• A Radon canister will be left in the basement and/or first floor. The canister should be left in place for several days, before being picked up and analyzed.
      • Inspections can normally be cleared in one week.
    • When the Buyer’s attorney receives the contract, he/she will:
      • review the contract to be sure it is in the proper name(s), Joint Tenants or Tenants in Common) and contains all terms agreed upon;
      • review any terms requested by the Seller which are not in the standard contract normally used by the real estate attorneys;
      • arrange title search and title insurance;
      • arrange a property survey, if warranted.
    • The contract will normally provide for:
      • all inspection contingencies to be cleared before it is signed;
      • what is included or excluded from the sale;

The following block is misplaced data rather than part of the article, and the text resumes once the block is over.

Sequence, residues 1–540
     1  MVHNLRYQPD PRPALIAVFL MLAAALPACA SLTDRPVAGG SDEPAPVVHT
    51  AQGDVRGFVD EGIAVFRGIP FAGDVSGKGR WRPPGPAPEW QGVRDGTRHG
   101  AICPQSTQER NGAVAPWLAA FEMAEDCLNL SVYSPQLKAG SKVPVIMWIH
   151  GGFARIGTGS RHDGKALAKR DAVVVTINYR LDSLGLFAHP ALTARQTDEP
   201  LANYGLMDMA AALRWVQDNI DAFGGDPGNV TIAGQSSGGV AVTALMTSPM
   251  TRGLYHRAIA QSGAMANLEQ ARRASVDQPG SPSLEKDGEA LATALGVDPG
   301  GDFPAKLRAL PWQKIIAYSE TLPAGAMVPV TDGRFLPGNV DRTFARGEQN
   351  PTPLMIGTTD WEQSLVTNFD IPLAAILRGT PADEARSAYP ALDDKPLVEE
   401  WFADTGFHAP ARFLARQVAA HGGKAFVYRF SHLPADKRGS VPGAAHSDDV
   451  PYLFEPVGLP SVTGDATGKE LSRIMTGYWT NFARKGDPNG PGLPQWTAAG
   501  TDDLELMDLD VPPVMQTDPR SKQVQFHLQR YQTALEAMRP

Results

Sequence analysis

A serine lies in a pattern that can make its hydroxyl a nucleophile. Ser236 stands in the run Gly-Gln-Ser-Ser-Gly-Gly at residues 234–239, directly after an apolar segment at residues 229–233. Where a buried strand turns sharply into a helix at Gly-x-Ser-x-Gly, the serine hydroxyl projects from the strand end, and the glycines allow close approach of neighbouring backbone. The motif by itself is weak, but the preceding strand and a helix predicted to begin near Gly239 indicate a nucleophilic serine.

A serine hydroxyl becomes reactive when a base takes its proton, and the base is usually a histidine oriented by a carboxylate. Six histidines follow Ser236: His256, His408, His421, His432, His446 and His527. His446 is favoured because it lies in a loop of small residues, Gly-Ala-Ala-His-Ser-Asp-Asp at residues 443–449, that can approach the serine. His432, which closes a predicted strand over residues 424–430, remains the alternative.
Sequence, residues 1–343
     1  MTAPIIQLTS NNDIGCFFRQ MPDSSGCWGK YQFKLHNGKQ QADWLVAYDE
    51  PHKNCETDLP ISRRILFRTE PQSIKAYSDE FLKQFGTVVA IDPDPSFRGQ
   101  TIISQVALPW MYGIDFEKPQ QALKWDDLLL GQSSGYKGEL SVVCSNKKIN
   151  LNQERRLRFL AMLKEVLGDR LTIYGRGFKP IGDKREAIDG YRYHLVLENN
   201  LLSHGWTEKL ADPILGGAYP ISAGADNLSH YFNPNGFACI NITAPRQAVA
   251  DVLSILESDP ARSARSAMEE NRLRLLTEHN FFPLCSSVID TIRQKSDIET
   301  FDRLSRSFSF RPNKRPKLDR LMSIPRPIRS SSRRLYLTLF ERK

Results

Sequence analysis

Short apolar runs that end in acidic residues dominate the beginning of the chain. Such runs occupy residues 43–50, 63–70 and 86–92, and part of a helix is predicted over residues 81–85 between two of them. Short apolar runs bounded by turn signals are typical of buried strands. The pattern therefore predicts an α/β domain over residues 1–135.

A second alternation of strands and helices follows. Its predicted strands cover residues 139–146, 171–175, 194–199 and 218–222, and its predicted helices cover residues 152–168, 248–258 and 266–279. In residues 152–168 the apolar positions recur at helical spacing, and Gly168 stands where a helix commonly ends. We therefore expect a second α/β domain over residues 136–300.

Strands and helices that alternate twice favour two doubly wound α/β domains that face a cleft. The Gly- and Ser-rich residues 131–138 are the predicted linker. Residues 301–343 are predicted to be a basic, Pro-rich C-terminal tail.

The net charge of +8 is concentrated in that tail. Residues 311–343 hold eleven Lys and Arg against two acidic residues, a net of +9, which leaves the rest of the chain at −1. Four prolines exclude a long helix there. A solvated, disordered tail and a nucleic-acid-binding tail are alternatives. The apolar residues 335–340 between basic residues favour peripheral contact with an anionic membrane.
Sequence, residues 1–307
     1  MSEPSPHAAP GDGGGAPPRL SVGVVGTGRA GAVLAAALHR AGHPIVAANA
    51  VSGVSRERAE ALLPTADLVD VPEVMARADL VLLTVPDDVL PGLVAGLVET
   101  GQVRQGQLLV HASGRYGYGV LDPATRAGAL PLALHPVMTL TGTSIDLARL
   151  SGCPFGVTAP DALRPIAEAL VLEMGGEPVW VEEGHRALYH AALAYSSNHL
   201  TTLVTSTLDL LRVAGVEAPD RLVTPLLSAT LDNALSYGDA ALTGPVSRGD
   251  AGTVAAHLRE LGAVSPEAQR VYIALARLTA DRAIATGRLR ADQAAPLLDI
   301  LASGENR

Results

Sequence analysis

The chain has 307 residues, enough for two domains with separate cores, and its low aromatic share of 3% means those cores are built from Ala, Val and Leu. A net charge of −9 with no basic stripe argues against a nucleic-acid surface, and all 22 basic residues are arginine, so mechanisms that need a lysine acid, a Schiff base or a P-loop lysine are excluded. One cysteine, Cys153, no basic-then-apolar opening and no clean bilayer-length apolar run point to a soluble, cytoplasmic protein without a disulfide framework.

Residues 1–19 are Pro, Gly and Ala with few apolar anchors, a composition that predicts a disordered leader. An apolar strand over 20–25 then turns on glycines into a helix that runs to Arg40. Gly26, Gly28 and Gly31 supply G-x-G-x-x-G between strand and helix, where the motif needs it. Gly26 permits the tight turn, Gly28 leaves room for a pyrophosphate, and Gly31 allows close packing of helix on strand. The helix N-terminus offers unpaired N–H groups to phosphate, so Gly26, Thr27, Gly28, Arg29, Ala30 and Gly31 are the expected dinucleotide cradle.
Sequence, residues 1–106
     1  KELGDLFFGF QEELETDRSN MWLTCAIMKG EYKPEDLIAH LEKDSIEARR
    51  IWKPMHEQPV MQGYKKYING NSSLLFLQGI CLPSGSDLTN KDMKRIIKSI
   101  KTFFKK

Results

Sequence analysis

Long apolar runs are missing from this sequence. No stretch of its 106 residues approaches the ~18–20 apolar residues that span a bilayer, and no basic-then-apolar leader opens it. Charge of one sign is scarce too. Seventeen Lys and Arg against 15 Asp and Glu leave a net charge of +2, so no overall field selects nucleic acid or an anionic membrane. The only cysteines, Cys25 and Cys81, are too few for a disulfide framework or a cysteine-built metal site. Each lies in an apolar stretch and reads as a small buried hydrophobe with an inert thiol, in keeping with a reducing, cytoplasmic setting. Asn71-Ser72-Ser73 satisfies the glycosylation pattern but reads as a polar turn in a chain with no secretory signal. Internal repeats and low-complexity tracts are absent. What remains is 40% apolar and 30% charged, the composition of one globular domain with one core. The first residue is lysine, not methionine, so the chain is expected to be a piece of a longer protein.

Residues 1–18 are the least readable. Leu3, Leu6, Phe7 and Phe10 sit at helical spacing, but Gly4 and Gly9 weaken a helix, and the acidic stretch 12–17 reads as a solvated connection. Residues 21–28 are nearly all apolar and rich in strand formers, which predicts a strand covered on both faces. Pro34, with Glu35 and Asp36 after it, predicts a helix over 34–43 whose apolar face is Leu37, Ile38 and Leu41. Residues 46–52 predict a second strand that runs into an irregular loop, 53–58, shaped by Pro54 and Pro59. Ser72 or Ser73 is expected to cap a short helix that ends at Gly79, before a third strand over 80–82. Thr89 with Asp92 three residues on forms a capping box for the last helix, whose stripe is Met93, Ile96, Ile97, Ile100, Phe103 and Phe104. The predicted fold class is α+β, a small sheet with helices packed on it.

• a 10% deposit to be sent with the contract signed by the Buyer;
      • a date when any mortgage contingency is to be cleared (usually three to four weeks);
      • a closing date when the title of the property will be transferred and the other 90% of the purchase price will be paid.
    • Once the Seller has signed the contract and returned a copy to the Buyer’s attorney, the Seller is committed and the Buyer is committed if they are able to obtain a mortgage.
    • Once the contract is signed, the Buyer’s Agent will:
      • Provide Buyer with recommended insurance agencies to consider;
      • arrange for the Buyer’s mortgage appraiser to gain access to the property;
      • request a list of utilities and service people used by the Seller.
  7. Pre-Closing
    • Before Closing the Buyer will want to make sure:
      • insurance is in place before the closing;
      • Utilities such as gas, electricity, cable and phone will be turned on in the Buyer’s name by the time of the closing (Utilities require the Buyer and Seller to contact them directly.);